Verdict and Price in India
Nextbit's Robin is a good first attempt by a company which wasn’t even in existence some years ago. The phone certainly commands attention, the way even Apple iPhones and Samsung Galaxy flagships haven’t managed to do over the last couple of years. The seamless backing up of data to the cloud and keeping the storage free on the phone is a unique idea which Nextbit is banking on. Though we're not very sure of Nextbit's implementation.
On most counts this works quite well. It's a relief to not see that "Your phone is running out of Storage" notification once you start hitting the phone's storage cap. Even the idea of archiving unused apps on the cloud is a good feature. It just clears up that much more space while ensuring that whenever you need to use the archived app, you don't have to start from scratch after app installation.
But the phone has certain glaring flaws, which, compounded with the reality of internet bandwidth in India, may prove to be Nextbit's undoing. The slow camera startup time is particularly irritating, especially when everything else works so smoothly. Nextbit should release a patch to fix this as soon as possible. Battery life certainly needs a lot of work in future patches, especially if Nextbit is trying to target the power user crowd. More control over the cloud storage would also be appreciated. At the very least, I'd like to see some clearer information on what is on the cloud and what isn't.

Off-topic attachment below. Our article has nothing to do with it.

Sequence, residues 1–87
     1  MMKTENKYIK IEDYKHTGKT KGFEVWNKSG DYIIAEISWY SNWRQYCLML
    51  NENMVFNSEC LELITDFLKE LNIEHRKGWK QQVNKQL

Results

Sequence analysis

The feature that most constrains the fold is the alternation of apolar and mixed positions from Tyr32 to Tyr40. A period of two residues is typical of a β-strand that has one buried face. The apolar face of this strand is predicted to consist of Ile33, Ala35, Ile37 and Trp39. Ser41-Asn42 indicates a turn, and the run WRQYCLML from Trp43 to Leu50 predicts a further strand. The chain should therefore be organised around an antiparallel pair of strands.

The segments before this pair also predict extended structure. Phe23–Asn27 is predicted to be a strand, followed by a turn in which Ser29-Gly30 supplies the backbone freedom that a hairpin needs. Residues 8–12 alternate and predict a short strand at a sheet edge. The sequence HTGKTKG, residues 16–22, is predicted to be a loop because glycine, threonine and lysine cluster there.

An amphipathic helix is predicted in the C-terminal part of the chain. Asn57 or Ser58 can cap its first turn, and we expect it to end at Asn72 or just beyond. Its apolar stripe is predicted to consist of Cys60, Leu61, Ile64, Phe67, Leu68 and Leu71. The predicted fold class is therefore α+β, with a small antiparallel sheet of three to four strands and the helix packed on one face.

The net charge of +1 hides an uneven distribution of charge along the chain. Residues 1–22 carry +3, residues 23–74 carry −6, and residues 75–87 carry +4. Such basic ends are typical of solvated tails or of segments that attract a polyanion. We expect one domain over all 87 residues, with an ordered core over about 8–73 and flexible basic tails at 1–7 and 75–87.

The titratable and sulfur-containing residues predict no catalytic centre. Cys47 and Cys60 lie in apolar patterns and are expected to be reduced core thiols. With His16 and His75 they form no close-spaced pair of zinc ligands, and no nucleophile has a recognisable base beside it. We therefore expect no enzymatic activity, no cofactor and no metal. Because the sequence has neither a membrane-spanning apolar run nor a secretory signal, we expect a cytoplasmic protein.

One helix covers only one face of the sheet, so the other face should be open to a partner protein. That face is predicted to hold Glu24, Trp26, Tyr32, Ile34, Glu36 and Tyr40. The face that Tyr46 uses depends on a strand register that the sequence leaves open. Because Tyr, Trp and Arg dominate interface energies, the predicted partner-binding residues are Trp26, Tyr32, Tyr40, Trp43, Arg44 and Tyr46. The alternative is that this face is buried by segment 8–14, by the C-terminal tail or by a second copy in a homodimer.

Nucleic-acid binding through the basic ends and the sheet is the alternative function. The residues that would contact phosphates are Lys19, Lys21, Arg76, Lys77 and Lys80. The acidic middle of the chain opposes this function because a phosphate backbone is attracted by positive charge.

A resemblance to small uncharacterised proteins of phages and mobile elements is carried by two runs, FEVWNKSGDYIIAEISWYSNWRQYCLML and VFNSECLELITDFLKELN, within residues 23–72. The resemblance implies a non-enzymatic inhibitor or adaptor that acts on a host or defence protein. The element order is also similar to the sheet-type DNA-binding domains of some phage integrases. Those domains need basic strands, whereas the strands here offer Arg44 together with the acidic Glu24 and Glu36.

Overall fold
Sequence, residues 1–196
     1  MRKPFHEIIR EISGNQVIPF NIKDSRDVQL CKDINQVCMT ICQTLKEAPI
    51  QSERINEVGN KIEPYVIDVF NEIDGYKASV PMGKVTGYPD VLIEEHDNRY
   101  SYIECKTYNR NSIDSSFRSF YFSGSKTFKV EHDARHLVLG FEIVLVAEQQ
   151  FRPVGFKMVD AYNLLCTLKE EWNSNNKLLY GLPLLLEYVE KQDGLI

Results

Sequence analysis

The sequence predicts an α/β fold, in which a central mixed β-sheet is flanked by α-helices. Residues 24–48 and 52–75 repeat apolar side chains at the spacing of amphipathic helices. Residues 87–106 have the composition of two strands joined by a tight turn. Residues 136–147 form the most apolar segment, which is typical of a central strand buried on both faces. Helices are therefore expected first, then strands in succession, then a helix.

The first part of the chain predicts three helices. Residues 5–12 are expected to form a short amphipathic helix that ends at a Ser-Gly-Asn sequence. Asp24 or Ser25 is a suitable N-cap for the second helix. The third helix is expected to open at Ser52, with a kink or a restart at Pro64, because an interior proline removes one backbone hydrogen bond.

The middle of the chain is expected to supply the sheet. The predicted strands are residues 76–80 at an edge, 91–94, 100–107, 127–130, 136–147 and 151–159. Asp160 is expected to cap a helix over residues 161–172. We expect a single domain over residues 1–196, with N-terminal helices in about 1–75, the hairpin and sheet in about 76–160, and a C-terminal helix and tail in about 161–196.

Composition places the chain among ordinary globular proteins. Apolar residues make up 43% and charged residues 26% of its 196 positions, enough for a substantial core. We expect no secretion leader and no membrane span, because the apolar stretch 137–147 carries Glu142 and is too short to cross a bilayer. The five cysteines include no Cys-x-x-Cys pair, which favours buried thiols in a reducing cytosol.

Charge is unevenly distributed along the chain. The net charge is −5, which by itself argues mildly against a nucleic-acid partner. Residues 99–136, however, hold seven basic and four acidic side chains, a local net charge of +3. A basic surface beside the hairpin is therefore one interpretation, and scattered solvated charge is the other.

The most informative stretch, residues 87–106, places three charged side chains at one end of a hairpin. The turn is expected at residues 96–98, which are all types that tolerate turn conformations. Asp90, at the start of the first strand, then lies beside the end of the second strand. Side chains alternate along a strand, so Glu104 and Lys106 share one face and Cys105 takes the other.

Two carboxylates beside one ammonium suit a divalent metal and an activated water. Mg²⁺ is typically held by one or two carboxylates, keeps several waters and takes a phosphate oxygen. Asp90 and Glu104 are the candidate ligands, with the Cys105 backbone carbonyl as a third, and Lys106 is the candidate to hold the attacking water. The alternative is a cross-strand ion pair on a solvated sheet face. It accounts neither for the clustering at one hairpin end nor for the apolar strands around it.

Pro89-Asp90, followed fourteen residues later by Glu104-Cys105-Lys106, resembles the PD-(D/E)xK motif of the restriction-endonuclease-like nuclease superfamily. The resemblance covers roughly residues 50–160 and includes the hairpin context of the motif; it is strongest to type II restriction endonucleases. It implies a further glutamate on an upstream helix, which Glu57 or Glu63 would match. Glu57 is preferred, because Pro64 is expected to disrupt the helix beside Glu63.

At an asking price of Rs 19,999, Nextbit has priced the Robin quite sensibly. There are of course proven competitors in the form of the Moto X Play (which excels in the battery and camera department), Lenovo Vibe X3, the Google Nexus 5X and OnePlus 2. The expandable cloud storage feature is something that is not seen on other phones and it may appeal to those who are always running out of space on their phones. But one must keep in mind the internet bandwidth and FUP limitations in India, and of course, the shortcomings of the Nextbit Robin that we have elaborated on above, before deciding to get this phone. Also, if you're out and about and desperately need to access an app which has been archived, then you'll need to download it on your data connection. So yes, the same cloud backup feature which is a boon for the Robin, may also work against it. It's good to be aware of all these aspects before investing in this device.